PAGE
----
The Sten submachine gun has a very peculiar history and while many think that it has been deemed obsolete, as little as ten years ago was still being used in combat in Chiapas, Mexico.
The Sten was a horrible gun, a poor quality shooting thing that was designed and saw mass production only because the British were desperate to counter the effects of the modern and well-built submachine guns with which the Germans wiped the allied forces in 1939 and 1940. It was an awful gun that could have been considered obsolete the same day the first prototype shot the first bullet and its story was one of hate at first sight with the British soldiers.
It received nicknames lie ´The plumber's delight´ and ´The stench gun,´ yet, millions of Stens were produced in many different versions and the weapon itself was copied at least in Argentina and Germany, also for mass production, and also copied and hand crafted in Afghanistan. Indeed it served a purpose and before the appearance of the Kalashnikov was the gun produced in the biggest numbers in history: at least six million Stens left the production lines, so to speak.
And we cannot speak properly about production methods for the Sten because its main peculiarity was that it was designed to be produced in almost any sort of factory or repair shop using very simple tools and widely available materials: Even common tubes and steel rods from construction and demolition sites were used - hence, the references to the plumbing vocation - and that made the weapon exceedingly cheap and easy to manufacture. In this way, Sten production could be outsourced from factories that could be bombed easily and into small shops and even homes that would present an impossible target for the German Luftwaffe.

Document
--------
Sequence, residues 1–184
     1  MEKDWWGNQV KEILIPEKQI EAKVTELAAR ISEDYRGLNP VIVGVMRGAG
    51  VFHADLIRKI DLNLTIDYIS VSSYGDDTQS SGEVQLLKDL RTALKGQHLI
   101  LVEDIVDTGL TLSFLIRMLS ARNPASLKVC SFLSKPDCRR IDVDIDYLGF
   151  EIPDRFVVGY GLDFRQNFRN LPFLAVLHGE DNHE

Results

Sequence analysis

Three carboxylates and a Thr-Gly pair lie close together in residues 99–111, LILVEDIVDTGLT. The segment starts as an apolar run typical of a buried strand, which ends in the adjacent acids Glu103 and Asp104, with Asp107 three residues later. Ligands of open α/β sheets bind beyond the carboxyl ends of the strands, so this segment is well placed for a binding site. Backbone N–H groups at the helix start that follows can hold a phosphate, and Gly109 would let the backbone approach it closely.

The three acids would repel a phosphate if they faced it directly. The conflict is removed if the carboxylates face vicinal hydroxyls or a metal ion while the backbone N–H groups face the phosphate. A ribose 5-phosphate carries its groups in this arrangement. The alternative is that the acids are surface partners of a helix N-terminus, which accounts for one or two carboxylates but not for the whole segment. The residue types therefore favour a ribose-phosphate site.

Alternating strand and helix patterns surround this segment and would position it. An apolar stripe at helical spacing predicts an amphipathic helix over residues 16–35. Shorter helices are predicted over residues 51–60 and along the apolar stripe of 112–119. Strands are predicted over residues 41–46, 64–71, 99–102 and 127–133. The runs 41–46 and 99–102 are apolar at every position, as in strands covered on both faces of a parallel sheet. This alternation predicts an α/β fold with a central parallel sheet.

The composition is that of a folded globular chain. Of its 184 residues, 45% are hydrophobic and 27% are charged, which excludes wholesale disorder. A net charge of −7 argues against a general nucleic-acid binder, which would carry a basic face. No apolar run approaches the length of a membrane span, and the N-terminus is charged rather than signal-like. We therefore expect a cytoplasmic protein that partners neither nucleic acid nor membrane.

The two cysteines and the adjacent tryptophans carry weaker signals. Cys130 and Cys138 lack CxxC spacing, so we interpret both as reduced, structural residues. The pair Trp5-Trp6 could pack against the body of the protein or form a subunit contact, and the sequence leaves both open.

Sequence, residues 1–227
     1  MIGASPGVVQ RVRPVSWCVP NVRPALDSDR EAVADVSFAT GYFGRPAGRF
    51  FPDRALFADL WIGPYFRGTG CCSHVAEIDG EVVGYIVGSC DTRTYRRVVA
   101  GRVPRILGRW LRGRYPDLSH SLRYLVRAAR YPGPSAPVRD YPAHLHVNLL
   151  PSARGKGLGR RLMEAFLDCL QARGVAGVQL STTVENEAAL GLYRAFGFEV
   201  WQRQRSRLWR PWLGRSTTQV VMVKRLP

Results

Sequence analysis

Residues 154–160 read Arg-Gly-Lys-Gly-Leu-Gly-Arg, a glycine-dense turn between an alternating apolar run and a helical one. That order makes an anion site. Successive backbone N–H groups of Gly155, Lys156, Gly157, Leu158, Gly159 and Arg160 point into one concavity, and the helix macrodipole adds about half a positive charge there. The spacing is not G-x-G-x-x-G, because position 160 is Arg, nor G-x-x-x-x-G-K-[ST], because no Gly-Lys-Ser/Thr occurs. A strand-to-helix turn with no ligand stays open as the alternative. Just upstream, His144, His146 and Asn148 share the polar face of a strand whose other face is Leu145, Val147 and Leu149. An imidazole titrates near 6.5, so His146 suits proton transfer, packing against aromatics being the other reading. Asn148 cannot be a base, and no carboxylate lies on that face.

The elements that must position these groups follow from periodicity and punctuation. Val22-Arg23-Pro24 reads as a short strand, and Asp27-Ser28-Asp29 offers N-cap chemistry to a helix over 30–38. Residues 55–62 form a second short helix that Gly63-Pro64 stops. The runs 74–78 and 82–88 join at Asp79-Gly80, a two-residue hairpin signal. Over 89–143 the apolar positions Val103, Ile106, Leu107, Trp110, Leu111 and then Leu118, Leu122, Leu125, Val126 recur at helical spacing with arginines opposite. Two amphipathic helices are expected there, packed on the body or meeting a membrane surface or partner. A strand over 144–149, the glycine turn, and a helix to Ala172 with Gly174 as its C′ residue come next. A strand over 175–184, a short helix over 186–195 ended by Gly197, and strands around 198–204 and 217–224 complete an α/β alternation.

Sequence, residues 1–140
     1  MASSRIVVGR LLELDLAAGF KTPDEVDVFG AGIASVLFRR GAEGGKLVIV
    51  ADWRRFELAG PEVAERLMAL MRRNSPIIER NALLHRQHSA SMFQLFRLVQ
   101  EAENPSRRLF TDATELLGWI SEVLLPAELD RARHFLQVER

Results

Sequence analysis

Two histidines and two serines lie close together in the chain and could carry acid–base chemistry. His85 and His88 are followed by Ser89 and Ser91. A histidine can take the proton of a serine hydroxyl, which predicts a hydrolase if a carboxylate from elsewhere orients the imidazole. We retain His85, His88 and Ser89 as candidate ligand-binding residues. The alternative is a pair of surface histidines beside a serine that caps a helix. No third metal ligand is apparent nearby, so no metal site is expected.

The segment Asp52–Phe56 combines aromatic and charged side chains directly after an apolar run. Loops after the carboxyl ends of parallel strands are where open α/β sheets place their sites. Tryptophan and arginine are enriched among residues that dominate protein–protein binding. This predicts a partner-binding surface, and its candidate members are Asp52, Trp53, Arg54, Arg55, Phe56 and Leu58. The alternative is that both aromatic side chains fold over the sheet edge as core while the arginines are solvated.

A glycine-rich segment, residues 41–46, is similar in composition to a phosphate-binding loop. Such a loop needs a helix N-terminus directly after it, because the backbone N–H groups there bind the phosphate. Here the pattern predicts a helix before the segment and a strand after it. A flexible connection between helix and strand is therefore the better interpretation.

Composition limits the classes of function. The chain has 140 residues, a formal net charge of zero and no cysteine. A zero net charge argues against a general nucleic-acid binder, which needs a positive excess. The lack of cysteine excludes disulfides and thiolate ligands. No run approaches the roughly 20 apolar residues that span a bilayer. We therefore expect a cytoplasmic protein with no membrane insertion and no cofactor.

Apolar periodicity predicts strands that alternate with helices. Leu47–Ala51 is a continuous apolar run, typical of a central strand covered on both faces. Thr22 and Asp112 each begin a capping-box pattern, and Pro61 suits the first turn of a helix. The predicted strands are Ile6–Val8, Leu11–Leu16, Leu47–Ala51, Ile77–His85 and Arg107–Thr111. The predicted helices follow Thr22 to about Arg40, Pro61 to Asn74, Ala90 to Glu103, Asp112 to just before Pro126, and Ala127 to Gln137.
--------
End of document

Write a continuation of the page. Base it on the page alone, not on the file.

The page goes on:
Most Stens shot the now standard 9 mm. Parabellum round, which was chosen by the British after they captured a large Italian arsenal in Northern Africa; some others were chambered for the U.S. .45 round, but they did not see wide use. The fact that NATO uses now the 9 mm. Para in pistols and submachine guns is owed to the Sten gun that was promptly replaced by the Sterling gun, a conceptually similar design appeared in 1945, but of much higher quality. Both weapons had a pretty standard magazine that was placed sideways, to the left side of the gun instead of the almost-standard placement in today's automatic, semiautomatic and selective fire weapons, which is downwards.
The characteristics of this design made the Sten easier to use while lying on the ground: Long magazines would not disturb the shooter or make him adopt a vulnerable posture that would increase the target area that they presented to the enemy. So the weapon wasn't without any merit. The design is a clear example of what happens as countries find themselves at war, trying to defend themselves with scarce resources, confronted by enemies with advanced technologies and greater firepower, but with enough wit to respond appropriately.
In terms of weapon's design, it would be interesting to reconsider the blueprints of the Sten perhaps with some upgrading in areas like alloys and safety devices; as its designers stated more than once, the Stens also shot bullets like the German MPs, but were a lot cheaper. So it wouldn't be a bad idea for officers dealing with logistics and politicians considering the building up of armed forces to take into account the apparently obsolete and certainly loathed Stens.